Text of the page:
The timing of the explosion is interesting. The Prime Minister was in Peking a week ago. The PRC said they are ready now to establish relations with all states in the subcontinent. Why this timing? Is the Soviet Union or Mrs. Gandhi trying to prevent better relations with the PRC?
Apart from the indirect pressure by the Soviet Union on us—and on Iran through Iraq—the idea is to get control of the Gulf, so we must be brought to heel.
Iran has moved to placate the Soviet Union. The Shah supported the South Asian security pact and said he would help implement it. On 14 March the Soviet Union sent this message to Bhutto [He reads from note at Tab A]:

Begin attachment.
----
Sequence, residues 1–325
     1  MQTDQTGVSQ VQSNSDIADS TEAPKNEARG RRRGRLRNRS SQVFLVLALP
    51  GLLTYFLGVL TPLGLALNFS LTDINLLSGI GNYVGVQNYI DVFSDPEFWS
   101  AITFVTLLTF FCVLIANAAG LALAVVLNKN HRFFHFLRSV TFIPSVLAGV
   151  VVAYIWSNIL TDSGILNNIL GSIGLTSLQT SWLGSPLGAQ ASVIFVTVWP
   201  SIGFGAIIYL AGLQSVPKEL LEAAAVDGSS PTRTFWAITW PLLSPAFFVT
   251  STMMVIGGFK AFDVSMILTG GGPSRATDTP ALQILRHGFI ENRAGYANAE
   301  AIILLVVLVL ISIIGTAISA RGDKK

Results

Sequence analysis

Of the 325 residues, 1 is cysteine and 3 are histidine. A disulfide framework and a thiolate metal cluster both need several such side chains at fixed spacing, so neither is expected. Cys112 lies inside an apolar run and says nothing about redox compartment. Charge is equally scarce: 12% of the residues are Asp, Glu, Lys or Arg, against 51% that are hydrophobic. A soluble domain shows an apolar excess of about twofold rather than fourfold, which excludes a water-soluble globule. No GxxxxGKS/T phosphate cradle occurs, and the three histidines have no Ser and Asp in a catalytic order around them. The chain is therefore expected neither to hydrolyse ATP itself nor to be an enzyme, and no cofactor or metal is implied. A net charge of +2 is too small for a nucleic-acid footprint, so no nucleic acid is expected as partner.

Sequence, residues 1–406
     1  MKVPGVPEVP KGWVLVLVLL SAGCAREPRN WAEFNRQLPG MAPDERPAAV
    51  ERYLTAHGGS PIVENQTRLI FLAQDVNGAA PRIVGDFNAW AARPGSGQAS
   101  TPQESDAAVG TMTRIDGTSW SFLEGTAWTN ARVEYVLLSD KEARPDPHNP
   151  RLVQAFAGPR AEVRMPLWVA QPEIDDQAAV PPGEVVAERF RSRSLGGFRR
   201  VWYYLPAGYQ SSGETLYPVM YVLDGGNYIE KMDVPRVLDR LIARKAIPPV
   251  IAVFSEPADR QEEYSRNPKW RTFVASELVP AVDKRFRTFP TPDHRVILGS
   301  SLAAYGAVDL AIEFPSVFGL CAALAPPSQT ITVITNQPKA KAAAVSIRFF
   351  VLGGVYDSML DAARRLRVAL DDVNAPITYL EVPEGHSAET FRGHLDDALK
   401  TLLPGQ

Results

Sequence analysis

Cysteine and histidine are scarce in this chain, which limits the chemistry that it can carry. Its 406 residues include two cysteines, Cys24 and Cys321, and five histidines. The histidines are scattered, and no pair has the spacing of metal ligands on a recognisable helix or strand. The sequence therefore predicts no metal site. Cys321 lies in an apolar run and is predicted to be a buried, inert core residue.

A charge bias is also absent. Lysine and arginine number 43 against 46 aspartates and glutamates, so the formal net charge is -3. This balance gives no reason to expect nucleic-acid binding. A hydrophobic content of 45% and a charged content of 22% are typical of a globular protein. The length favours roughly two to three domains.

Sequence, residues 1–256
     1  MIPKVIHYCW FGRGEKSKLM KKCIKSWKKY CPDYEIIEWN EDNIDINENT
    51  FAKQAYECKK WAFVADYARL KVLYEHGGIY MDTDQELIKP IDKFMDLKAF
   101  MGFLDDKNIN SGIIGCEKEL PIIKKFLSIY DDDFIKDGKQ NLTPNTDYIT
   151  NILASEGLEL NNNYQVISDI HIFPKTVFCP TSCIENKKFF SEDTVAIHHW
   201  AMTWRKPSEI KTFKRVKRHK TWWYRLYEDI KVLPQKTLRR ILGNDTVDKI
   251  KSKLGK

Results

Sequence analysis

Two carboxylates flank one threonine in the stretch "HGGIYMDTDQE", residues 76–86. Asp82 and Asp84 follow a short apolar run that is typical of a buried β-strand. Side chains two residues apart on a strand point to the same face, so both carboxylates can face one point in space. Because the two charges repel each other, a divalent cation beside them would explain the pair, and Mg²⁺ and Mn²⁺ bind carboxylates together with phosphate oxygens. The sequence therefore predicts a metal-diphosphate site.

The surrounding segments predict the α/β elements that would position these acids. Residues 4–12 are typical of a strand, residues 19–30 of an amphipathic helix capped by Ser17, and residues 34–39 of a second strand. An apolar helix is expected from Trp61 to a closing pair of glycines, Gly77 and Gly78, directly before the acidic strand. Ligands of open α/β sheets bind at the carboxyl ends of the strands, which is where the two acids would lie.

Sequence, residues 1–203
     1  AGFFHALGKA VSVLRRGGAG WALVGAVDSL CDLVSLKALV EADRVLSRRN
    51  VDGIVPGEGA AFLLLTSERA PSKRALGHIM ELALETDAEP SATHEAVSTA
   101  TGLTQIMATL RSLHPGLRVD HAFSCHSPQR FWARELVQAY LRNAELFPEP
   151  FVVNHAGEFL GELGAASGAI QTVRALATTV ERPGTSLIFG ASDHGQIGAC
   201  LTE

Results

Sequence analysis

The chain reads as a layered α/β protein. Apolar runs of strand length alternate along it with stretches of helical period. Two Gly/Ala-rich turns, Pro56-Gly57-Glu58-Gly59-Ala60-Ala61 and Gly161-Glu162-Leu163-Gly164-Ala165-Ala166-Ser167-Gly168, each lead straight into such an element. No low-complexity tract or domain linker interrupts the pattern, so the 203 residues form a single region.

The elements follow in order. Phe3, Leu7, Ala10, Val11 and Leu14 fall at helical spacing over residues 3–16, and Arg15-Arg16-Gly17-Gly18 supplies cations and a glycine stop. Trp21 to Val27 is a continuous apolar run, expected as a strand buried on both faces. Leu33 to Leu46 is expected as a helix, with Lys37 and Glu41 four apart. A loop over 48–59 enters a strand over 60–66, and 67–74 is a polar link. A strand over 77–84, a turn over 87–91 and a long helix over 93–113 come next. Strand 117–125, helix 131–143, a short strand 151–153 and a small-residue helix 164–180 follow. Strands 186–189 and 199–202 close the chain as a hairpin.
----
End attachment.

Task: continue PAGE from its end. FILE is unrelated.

“Pakistan’s membership of CENTO and the activization of its participation in the military activities of the bloc is, in our opinion, an anachronism and it can scarcely meet the interests of the peace-loving countries of this region interested in making the process of relaxation of tension irreversible.” The message also refers to Asian Collective Security in Asia and asks Pakistan to consider supporting the idea and making a statement on the question.
So then the Soviet Union is getting more and more specific about the Asian Security System. We have no desire to be drawn in.
So here we are. Two things worry us. We are still weak. The provision of tanks is helpful and we are grateful we won’t have to pay. But that doesn’t add to our arsenal. We need defensive weapons—SAMs and anti-tank missiles. It is only for defense against India—and Afghanistan, which might not stand aside in another war.